Copyright policy: All transcripts on this site are the copyright of Seeking Alpha. However, we view them as an important resource for bloggers and journalists, and are excited to contribute to the democratization of financial information on the Internet. (Until now investors have had to pay thousands of dollars in subscription fees for transcripts.) So our reproduction policy is as follows: You may quote up to 400 words of any transcript on the condition that you attribute the transcript to Seeking Alpha and either link to the original transcript or to www.SeekingAlpha.com. All other use is prohibited.

THE INFORMATION CONTAINED HERE IS A TEXTUAL REPRESENTATION OF THE APPLICABLE COMPANY'S CONFERENCE CALL, CONFERENCE PRESENTATION OR OTHER AUDIO PRESENTATION, AND WHILE EFFORTS ARE MADE TO PROVIDE AN ACCURATE TRANSCRIPTION, THERE MAY BE MATERIAL ERRORS, OMISSIONS, OR INACCURACIES IN THE REPORTING OF THE SUBSTANCE OF THE AUDIO PRESENTATIONS. IN NO WAY DOES SEEKING ALPHA ASSUME ANY RESPONSIBILITY FOR ANY INVESTMENT OR OTHER DECISIONS MADE BASED UPON THE INFORMATION PROVIDED ON THIS WEB SITE OR IN ANY TRANSCRIPT. USERS ARE ADVISED TO REVIEW THE APPLICABLE COMPANY'S AUDIO PRESENTATION ITSELF AND THE APPLICABLE COMPANY'S SEC FILINGS BEFORE MAKING ANY INVESTMENT OR OTHER DECISIONS.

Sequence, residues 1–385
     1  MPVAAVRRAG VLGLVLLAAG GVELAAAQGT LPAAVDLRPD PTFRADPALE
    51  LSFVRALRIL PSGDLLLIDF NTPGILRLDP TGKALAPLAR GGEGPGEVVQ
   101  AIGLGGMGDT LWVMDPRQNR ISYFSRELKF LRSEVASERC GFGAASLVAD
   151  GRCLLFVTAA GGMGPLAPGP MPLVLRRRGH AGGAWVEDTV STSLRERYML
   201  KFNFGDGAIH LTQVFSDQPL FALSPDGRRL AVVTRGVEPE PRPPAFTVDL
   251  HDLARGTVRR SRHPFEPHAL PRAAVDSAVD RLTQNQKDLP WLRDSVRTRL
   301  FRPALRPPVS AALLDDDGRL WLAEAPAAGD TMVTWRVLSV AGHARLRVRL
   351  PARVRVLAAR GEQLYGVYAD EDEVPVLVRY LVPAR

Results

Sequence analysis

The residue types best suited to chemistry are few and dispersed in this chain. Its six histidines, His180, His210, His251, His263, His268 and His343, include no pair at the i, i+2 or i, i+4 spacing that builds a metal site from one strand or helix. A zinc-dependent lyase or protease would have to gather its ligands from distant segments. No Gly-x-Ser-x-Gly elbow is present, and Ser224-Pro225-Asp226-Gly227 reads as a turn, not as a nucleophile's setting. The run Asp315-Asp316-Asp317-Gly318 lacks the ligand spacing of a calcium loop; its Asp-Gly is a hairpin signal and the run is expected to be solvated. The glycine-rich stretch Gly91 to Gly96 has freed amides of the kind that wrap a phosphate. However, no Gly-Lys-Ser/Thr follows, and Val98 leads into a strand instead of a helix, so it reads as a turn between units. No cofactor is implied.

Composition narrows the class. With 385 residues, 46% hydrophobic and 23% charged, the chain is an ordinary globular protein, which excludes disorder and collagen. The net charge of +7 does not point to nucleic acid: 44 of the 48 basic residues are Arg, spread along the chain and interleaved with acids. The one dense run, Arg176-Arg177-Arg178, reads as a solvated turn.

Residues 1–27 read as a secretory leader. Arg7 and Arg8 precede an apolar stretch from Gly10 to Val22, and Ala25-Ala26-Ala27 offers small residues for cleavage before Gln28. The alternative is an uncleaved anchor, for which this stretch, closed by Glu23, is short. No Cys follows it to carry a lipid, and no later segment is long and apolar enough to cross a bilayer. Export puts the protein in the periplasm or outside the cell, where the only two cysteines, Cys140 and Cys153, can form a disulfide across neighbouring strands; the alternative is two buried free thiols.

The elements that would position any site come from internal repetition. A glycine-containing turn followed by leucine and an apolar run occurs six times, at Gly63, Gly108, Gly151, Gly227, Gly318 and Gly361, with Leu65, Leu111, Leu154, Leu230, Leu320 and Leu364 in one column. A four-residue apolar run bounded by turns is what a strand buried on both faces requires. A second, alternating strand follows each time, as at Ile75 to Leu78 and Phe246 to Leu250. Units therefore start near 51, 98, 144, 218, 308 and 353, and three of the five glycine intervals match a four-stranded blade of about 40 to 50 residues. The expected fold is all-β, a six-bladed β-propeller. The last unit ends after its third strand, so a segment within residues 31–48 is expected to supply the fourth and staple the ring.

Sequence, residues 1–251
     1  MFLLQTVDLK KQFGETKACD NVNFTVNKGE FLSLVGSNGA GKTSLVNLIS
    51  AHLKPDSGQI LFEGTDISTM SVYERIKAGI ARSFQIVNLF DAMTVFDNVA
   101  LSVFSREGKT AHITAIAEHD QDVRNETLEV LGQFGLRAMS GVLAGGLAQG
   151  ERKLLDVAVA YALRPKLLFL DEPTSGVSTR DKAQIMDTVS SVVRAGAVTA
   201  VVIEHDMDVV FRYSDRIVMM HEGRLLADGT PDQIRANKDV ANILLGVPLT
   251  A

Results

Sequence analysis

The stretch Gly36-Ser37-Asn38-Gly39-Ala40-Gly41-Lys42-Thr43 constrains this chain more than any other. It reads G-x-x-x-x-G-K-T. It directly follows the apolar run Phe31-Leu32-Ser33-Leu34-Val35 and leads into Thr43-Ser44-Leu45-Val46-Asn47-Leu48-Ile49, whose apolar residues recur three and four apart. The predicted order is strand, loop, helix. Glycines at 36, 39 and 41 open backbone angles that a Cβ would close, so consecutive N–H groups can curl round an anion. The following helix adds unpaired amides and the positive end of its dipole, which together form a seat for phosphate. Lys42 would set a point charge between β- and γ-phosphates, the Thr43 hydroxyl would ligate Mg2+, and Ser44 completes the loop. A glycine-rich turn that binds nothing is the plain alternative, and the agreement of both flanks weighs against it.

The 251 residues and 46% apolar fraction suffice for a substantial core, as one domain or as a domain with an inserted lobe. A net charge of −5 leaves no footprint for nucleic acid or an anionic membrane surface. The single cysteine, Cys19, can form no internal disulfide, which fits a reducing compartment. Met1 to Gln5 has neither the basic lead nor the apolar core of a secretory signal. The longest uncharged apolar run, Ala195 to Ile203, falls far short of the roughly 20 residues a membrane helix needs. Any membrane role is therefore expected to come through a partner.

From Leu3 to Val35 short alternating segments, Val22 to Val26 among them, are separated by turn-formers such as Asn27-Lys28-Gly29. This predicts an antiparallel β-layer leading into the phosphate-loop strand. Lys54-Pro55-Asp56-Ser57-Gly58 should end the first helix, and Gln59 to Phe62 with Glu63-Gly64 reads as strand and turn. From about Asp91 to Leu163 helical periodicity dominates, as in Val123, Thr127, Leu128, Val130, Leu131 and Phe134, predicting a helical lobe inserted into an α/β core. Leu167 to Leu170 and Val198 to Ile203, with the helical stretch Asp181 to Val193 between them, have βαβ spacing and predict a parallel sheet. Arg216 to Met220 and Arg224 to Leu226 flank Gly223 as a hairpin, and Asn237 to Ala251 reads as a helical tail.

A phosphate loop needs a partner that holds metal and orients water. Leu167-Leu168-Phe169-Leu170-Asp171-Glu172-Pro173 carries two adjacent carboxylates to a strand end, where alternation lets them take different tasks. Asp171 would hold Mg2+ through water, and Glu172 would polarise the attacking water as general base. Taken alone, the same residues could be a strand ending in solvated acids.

If you have any additional questions about our online transcripts, please contact us at: transcripts@seekingalpha.com. Thank you!